The bigger they are the slower it looks like they’re moving.
We used to race sailboats in a freighter port and yell and wave them off…
They would just laugh and wave back… They thought we were so funny…:laughing::laughing:

RE: The BASK incident, what I wonder is “Didn’t either paddler hear the big ship before it got that close?” Even if it was motoring slowly, those things make noise.

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Ships are rather quiet. The engines are about a thousand feet behind the bows, and buried inside the large ship.

Tug boats are louder. Engine is close to surface - not much boat surrounding it.

It still seems odd. I’ve sometimes been surprised to see around another boat or structure and see a ferry bearing down that I hadn’t noticed earlier, but never as close as what the writer described.

However, if the level of ambient noise from other things is loud, all bets are off.

To offer some perspective on the “how can’t you avoid those ships” discussion:

I paddle from a harbour with a lot of heavy traffic (the world’s largest harbour for offshore wind turbine installation ships, actually). There are several entrances to different docks, and some ships are parked outside the breakwater wall, next to the shipping lane.

Avoiding a ship, which follows the shipping lane, is simple. But sometimes, those ships will turn - and you can’t always guess where they are aiming. Also, they don’t have flash indicators like a car. In theory, there are sound signals for turning starboard or port, but I can’t remember ever having heard those signals used.

So sometimes, you will see this very large ship coming towards you, and you will want to get out of the way - and when you do that, it changes its course so it is still heading towards you. I can get somewhat nervous for a minute or two when these situations occur with “perfect” timing, until it again becomes clear that we are not going to collide.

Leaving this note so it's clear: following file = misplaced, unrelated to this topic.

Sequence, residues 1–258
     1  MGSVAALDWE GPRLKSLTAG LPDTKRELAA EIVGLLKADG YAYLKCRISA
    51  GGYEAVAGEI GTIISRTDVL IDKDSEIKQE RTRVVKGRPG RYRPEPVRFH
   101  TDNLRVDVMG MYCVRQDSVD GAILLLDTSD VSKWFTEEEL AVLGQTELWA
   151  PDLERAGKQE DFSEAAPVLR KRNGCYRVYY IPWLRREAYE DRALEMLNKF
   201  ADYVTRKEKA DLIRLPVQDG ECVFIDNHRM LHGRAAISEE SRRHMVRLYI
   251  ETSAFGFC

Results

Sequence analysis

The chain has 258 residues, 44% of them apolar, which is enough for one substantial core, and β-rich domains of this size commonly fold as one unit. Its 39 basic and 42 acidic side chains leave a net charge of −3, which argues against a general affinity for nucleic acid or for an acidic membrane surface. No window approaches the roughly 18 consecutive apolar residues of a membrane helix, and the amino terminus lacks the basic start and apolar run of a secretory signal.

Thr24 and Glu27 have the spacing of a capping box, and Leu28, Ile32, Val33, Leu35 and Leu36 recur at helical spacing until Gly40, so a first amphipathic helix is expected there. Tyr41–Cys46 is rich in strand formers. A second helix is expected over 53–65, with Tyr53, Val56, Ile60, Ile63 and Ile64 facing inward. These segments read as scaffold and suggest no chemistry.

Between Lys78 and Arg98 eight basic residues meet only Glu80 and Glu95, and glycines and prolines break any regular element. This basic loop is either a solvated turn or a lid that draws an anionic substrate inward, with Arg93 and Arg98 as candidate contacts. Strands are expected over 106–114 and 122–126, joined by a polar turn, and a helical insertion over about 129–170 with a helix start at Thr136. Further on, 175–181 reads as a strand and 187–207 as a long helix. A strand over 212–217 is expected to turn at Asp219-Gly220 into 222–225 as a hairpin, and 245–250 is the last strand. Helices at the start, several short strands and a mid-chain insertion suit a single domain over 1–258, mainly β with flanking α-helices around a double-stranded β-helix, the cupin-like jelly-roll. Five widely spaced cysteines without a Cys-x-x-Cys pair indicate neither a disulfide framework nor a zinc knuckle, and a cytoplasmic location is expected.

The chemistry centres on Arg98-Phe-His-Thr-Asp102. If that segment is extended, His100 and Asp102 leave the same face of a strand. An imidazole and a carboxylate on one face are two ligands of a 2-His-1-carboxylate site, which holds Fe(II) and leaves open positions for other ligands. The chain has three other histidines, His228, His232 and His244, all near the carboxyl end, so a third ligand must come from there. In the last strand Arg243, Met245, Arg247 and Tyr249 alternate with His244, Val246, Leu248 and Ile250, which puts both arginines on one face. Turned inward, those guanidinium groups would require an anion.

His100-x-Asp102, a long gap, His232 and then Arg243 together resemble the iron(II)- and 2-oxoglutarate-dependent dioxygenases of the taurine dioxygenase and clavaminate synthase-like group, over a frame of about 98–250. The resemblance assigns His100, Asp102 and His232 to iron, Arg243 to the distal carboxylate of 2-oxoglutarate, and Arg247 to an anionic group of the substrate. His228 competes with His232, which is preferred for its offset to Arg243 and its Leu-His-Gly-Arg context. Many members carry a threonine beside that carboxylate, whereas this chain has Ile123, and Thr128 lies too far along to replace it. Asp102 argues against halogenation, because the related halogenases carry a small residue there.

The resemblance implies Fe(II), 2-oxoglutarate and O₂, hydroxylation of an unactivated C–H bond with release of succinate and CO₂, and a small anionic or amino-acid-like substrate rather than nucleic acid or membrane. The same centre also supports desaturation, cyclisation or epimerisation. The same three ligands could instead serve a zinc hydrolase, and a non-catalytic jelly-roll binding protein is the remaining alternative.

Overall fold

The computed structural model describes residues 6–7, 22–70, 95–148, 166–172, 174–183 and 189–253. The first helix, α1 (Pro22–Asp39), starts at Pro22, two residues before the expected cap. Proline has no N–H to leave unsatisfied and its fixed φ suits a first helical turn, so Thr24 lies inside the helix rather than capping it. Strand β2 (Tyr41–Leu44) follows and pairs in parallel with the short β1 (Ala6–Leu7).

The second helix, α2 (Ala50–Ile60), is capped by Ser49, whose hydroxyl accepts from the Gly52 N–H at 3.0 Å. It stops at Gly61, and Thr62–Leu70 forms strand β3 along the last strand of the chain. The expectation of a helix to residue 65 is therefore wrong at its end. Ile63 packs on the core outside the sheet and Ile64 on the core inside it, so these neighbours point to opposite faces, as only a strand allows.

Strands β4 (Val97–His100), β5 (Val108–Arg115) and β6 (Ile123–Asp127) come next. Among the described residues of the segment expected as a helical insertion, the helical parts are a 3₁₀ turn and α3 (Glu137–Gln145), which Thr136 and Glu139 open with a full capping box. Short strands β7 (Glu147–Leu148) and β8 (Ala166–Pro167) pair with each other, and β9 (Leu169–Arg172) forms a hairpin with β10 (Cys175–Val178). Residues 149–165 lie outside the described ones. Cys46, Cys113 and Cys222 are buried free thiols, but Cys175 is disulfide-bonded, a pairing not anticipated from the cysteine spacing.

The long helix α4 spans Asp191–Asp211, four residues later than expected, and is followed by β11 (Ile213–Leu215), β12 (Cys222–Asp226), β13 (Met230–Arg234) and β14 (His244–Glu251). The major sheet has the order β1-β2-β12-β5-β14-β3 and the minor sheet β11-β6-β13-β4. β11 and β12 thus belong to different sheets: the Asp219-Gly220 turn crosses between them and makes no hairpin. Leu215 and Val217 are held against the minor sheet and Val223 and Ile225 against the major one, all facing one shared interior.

To be honest, it has probably only happened to me once or twice in 5 years. But I wouldn’t rule out the possibility that sometimes, somewhere in the world, someone gets trapped in such a situation and ends up being run over. This is one of my reasons for carrying a VHF.

Regarding sound: When I hear the engines on a large ship, I tend to notice it. I think this is because I usually do not hear the engines. But I have never thought about it while they passed me, so I can be wrong here.


For those who haven’t been close to a large ship, here is a short video I took a few years back of one in a narrow channel. Notice the sound difference between bow and stern. The banging is a worker on the boat doing metal work or something.

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I don’t know. I grew up on the coast. Watched those big ships coming into the Columbia and I am incapable of understanding how you wouldn’t notice them. Pretty much when you are on the water you notice a ping pong ball floating 100 yards off because anything taller than the water is noticeable. Something the size of a tall building coming at you, and yes they are moving way faster then they seem, but they are the huge and you see them from way off.
When they turn they take forever to turn so again, not a challenge to stay out of their way.
Playing in among them where they are stacked up waiting their turn to go into port, and generally when they are maneuvering around port is more dangerous but they typically have tugs pushing them around then and you have no more business being around them at that time than an MG has weaving in and out of semi trucks parking.